My final thoughts are that this is geared towards fine metal finishing, not production body work and also there are variations on this, none of this is written in stone but there’s some basic ideas here to get some of the younger guys pointed in the right direction. I will try to post a few more tips tonight or tomorrow, right now I've got to dig some damned snow. ~ John Buchtenkirch
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Last edited by John Buchtenkirch; 02-14-2014 at 10:52 AM.
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Old 02-13-2014, 02:46 PM
outsider347 outsider347 is offline
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Tks John

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Old 02-13-2014, 03:00 PM
nightperson nightperson is offline
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one thing that helps me when feeling the panel is using a thin rag under my hand- I'm not sure why but it seems to make the highs and lows more obvious
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Old 02-13-2014, 03:02 PM
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jag2be jag2be is offline
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John,

Great tips for the beginner!
But in the second photo it is better to close the fingers, then one will even have more feel then with the fingers open.
Also for the beginner put a tiny magazine paper sheet between the part and hand and you will feel even better.
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Old 02-13-2014, 06:19 PM
longyard longyard is offline
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Thanks for taking the time to write and photograph this lesson John. Very helpful and ought to be a sticky.
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Old 02-13-2014, 10:07 PM
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Tom Fritz Tom Fritz is offline
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I always find that if I close my eyes I can feel the panel better. Less distractions for my ADD riddled brain?

Fritz
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Old 02-13-2014, 11:09 PM
Irrational Metalworks Irrational Metalworks is offline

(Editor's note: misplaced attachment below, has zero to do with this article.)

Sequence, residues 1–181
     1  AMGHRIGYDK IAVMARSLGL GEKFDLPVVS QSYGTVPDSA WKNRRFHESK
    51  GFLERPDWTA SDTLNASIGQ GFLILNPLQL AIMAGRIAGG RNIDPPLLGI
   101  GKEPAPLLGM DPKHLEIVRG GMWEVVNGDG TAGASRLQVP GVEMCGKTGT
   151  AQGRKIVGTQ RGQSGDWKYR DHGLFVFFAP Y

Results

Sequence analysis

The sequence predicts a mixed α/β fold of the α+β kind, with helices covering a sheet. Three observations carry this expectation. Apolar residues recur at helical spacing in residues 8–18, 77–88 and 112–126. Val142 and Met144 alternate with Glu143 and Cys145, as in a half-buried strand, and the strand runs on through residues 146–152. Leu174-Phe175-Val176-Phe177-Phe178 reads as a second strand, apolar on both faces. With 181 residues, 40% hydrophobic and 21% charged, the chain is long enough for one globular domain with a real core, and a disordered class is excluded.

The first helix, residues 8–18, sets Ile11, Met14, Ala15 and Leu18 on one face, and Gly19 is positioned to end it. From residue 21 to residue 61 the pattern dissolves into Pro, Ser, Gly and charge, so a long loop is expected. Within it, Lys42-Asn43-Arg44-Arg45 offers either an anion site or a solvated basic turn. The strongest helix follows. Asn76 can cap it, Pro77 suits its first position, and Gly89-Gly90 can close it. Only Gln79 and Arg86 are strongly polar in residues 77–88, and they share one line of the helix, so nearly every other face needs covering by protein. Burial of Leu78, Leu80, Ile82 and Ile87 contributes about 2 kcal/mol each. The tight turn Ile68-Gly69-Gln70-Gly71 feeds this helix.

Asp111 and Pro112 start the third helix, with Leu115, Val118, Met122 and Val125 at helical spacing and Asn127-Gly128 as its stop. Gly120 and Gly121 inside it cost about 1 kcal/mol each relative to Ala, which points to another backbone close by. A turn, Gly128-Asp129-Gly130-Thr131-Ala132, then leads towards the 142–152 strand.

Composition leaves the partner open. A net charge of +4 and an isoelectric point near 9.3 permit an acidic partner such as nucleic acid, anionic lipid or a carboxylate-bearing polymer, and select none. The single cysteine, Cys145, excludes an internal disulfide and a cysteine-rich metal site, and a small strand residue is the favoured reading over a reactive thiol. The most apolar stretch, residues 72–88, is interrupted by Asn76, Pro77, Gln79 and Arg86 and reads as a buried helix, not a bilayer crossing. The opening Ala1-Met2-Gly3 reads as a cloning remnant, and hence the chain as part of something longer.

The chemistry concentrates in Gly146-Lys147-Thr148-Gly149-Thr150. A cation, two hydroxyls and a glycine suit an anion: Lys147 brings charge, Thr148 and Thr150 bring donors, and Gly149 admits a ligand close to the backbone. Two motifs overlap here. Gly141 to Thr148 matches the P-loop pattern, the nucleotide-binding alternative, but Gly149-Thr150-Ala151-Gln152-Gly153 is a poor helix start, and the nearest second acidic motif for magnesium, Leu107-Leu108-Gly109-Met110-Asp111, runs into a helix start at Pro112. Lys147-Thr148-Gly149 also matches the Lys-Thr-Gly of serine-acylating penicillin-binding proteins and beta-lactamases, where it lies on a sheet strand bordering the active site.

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Quote:
Originally Posted by nightperson View Post
one thing that helps me when feeling the panel is using a thin rag under my hand- I'm not sure why but it seems to make the highs and lows more obvious

I agree. I use my Kevlar gloves that I'm already wearing anyway! Bare skin doesn't glide through the areas as well, for me!
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Old 02-14-2014, 12:53 AM
hogdaddy hogdaddy is offline
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Thanks John for posting this with the pics it shows well what you are describing.
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Old 02-14-2014, 08:49 PM
foamcar foamcar is offline
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John - Great topic and thanks for sharing your method. I am a rank amateur at this. I bought Wray's shrinking disc and it included a video on how to read panels and remove low spots. He recommends a Baltic birch disc with 6" fairly fine sandpaper attached. Then using a wide marker you blacken the area and go over it with the sandpaper disc. This also show low and high spots. This method has worked well for me, and I found that the wide Marks-a-Lot marker works better than a Sharpie. Dries faster and does not stink as much.

Phil
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Old 02-15-2014, 07:04 PM
metalman sweden metalman sweden is offline
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Quote:
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I always find that if I close my eyes I can feel the panel better. Less distractions for my ADD riddled brain?

Fritz
Im not surprised Tom